The truth of the matter is this: Manu hunger desperately for God's presence, but only a few will passionately pursue him. In spite of all the pious—sounding words or religious language, few take the time or have the inclination to listen. Recognizing this, Jesus remarked, "But the Gateway to Life is small, and the road is narrow, and only a few ever find it." 2

You have begun the journey of finding God's presence. And therefore you have begun to realize that in our culture, like Abram's, many are so busy doing that no time is left becoming. Religion—as opposed to relationship—is nothing more than doing. If you are doing something for God, you expect God to be doing something for you. But what's exchanged through doing is nothing more than "stuff." Pursuit has become the end, not the means; you are doing in order to get.

Your expectations are:

  I give money; God gives money back.

  I do good; God blesses me.

  I obey his commands; God rewards me after this life.

All this smacks of religiosity, teetering dangerously close to the edge of hypocrisy's cliff.

Religions abound for the doers. But only relaters find God's presence. If religion is about doing, relationship is about being and becoming. Spiritual intimacy requires friendship. In Abram's day as today, God looked for a friend, not an employee, partner, investor, or customer. God wasn't interested in a franchise or a public offering; he simply wanted a friend to abide in his presence—someone to talk with. With the days and months turning into years, God's presence moved through time with grace. He sought one who would listen—one who might carry on a dialogue instead of retreating to a familiar monologue learned at the altar of an idol.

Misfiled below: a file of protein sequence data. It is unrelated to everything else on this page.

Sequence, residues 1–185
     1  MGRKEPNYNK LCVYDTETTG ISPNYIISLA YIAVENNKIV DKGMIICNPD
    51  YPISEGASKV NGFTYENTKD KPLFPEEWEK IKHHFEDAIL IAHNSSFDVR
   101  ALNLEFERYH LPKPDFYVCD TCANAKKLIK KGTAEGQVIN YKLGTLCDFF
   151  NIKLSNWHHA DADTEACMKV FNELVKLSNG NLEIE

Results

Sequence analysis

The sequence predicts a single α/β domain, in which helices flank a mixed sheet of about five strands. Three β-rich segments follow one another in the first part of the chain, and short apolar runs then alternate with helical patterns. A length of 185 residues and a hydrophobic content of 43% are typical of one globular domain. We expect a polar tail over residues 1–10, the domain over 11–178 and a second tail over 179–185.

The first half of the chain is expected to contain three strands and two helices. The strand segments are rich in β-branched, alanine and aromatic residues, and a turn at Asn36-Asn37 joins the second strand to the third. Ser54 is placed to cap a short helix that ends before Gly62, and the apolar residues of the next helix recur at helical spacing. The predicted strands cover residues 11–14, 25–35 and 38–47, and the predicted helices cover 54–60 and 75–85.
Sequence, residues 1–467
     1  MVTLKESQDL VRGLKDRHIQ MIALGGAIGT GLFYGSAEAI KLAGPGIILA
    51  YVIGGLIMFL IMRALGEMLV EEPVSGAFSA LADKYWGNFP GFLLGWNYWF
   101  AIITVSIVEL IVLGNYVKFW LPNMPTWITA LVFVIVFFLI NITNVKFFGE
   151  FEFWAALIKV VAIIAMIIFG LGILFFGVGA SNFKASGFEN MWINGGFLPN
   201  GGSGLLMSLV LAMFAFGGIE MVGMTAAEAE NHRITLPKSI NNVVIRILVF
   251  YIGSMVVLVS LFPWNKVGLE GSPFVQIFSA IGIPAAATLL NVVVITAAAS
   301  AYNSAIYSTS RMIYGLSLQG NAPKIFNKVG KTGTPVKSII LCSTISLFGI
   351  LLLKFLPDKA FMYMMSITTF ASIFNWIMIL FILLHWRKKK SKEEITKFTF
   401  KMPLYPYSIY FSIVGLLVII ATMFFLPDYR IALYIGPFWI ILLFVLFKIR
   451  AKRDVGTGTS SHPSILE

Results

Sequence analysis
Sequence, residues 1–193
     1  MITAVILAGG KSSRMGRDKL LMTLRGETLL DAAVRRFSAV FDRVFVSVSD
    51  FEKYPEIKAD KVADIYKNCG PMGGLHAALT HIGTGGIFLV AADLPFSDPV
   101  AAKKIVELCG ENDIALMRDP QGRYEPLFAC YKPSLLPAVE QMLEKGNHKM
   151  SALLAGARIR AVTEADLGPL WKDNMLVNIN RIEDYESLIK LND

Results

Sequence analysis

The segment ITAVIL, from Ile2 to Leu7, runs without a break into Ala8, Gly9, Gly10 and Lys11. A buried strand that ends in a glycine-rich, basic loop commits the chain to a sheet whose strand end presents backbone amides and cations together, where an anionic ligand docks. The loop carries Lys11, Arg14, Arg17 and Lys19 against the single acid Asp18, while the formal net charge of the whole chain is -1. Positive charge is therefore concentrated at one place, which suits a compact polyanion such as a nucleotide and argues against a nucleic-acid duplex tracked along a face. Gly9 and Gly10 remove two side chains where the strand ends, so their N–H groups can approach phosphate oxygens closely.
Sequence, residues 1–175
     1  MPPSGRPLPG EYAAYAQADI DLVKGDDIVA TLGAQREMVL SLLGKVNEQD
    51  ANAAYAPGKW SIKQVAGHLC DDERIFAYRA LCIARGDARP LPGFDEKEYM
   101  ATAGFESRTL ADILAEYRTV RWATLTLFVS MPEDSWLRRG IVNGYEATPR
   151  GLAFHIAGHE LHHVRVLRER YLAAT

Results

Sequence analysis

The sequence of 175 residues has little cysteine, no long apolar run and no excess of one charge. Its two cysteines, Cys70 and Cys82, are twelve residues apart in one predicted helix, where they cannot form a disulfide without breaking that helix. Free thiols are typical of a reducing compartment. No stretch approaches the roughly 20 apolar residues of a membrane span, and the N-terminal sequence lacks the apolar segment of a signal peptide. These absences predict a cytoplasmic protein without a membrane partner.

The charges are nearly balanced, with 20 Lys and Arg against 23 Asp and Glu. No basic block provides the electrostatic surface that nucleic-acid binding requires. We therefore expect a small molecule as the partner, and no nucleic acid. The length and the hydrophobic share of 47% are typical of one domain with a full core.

Idols are comforting and decorative but lacking in social skills. They make great statues but serve as poor substitutes for friends. You can talk at them but never with them. You can offer sacrifices but never get responses. One named Elijah fund this truth centuries ago. One a wind-swept mount called Carmel, Elijah challenged the prophets of the idol-God Baal to a duel. Believing idols to be friends, the prophets danced, chanted, and cried out to Baal for an answer, but they received only silence. Then Elijah called out to the living God, and fire rained down from heaven Someone was there, and he was not silent! Elijah walked away as God's friend; the prophets lost the contest and then their lives.

The moral? Religion's hype never satisfies; religion's addiction always requires more and more from you while giving nothing back except exhaustion and death Relationship is vital.

Inviting God starts with being instead of doing. You've never referred to your self as a human doing, right? Just the opposite is true. You are a human being. When two beings talk and listen to one another, the wall of silence is shattered and seeds of a developing friendship are sown.

What must I cease doing a start pursuing God's presence?





  Consider all the ways you are a good friend. Make a list of those ways. Which one of these ways will you try in pursuing God's presence?




  List the things that others do to you that keep you from wanting to be their friends. Decide not to treat God in these ways.




  In the silence, let go of negative thoughts and feelings toward God. Make an effort to begin thinking and feeling positively about God.

Pursuing God's presence bridges silence with listening and dialogue.


The Wall of Mistrust